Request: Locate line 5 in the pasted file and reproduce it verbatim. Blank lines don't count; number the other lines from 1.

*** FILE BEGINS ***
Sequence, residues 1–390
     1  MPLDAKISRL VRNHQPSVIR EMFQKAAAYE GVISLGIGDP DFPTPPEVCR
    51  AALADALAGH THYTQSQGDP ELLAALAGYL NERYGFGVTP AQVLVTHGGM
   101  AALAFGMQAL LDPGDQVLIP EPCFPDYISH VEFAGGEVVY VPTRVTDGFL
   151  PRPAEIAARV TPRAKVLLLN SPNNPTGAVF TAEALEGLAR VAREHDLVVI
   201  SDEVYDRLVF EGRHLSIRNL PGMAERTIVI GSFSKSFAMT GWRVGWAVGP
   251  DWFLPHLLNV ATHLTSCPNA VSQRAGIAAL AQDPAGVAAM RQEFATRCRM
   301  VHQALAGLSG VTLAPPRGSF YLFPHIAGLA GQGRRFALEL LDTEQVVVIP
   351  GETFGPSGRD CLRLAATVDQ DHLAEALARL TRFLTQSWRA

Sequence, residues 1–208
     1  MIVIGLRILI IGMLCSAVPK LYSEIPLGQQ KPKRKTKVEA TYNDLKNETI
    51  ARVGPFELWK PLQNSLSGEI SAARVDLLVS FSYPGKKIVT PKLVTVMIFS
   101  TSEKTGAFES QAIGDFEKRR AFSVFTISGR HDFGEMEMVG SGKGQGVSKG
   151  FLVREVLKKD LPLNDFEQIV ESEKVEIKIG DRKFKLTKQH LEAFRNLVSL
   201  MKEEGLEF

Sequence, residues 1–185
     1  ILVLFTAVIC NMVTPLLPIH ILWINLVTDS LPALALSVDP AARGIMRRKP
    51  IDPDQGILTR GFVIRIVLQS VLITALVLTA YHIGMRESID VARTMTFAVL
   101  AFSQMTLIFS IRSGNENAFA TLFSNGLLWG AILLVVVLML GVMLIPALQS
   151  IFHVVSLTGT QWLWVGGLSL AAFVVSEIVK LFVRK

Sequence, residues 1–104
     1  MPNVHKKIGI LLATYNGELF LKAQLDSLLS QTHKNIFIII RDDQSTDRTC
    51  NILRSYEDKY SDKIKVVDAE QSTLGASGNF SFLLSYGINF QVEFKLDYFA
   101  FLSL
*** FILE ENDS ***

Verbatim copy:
   151  PRPAEIAARV TPRAKVLLLN SPNNPTGAVF TAEALEGLAR VAREHDLVVI